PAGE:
Sermon on the Mount

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The Sermon on the Mount is the common name given to a sermon delivered by Jesus of Nazareth as recorded in the Gospel of Matthew 5-7. The sermon more clearly articulates his most significant moral teachings and duties than anywhere else in the bible. Many Christians consider the Sermon on the Mount to be one of the greatest messages ever delivered to mankind. Many of Jesus' most iconic sayings appear in this sermon such as: "turn the other cheek", and the "do unto others as you would have them do unto you". Perhaps the most quoted part of the Sermon on the Mount are the Beatitudes which list those who are blessed, including the poor, the meek, and the children. The Sermon on the Mount, according to Matthew, then goes on to introduce the Lord's Prayer.

Many Christians consider the Sermon on the Mount to be compelling evidence for the divinity of Christ. As the sermon contains moral and ethical teachings that transcended human thought of the time.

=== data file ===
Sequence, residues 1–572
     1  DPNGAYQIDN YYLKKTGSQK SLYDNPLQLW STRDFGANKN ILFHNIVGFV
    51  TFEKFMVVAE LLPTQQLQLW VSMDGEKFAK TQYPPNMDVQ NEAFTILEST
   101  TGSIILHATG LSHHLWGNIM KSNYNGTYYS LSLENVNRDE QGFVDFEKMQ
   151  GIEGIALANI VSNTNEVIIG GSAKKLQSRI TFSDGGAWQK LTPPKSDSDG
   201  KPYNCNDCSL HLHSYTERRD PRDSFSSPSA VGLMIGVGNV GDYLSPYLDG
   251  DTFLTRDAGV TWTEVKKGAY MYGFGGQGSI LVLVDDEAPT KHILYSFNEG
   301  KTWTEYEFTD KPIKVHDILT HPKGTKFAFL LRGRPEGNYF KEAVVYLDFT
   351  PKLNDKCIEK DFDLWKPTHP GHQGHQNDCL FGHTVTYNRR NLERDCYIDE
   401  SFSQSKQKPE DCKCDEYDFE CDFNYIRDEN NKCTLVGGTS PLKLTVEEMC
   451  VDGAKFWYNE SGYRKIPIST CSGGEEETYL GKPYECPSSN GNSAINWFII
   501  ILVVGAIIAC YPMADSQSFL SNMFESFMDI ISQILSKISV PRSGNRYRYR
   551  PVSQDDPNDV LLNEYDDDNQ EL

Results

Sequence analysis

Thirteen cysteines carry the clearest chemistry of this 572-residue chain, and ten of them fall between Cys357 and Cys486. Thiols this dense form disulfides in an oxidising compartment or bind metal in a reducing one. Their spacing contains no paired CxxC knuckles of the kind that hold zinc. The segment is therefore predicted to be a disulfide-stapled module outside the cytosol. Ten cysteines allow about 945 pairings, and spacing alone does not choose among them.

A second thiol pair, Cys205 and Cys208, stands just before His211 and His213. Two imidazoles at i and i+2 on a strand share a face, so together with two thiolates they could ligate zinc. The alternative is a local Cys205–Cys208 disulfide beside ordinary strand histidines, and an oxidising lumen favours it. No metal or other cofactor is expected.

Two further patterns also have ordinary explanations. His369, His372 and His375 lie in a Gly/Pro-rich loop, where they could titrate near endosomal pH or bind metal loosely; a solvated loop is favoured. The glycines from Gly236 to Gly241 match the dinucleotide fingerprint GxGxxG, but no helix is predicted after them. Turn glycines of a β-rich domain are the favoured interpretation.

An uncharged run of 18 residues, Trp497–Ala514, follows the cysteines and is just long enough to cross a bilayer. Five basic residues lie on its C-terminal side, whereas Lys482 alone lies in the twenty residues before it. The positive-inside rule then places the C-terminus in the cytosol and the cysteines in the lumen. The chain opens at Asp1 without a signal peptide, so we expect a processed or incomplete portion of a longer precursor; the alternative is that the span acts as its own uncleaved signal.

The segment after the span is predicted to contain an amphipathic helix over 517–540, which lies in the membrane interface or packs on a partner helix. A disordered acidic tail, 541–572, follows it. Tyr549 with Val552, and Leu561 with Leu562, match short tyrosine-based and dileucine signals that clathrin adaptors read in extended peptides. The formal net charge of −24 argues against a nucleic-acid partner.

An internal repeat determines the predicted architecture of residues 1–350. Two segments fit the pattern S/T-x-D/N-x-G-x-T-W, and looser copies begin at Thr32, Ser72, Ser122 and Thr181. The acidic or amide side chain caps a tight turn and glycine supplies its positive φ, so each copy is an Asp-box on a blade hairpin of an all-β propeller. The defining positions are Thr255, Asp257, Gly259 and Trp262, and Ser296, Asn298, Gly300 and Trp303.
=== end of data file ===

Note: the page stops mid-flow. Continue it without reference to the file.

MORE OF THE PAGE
The Gospel of Luke contains a similar, yet abbreviated, version of the Sermon on the Mount commonly known as the Sermon on the Plain.

History

The Sermon on the Mount was delivered during the early days of the Christ's ministry. After being baptized by John the Baptist, Jesus took to preaching in the streets of Galilee. Soon large crowds gathered, eager to hear his teachings. One day, after looking out at the multitudes that had gathered, Jesus goes up into the mountains where he is followed by his disciples. There, surrounded by his disciples, Jesus delivers his sermon.

See also

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